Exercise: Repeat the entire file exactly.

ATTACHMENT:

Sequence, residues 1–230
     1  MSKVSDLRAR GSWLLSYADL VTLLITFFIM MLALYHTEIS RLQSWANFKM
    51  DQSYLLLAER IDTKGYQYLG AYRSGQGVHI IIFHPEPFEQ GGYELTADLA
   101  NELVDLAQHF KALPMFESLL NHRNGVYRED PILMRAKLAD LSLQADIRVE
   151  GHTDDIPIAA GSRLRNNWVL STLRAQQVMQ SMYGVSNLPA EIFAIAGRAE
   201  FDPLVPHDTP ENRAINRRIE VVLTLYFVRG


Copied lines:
Sequence, residues 1–230
     1  MSKVSDLRAR GSWLLSYADL VTLLITFFIM MLALYHTEIS RLQSWANFKM
    51  DQSYLLLAER IDTKGYQYLG AYRSGQGVHI IIFHPEPFEQ GGYELTADLA
   101  NELVDLAQHF KALPMFESLL NHRNGVYRED PILMRAKLAD LSLQADIRVE
   151  GHTDDIPIAA GSRLRNNWVL STLRAQQVMQ SMYGVSNLPA EIFAIAGRAE
   201  FDPLVPHDTP ENRAINRRIE VVLTLYFVRG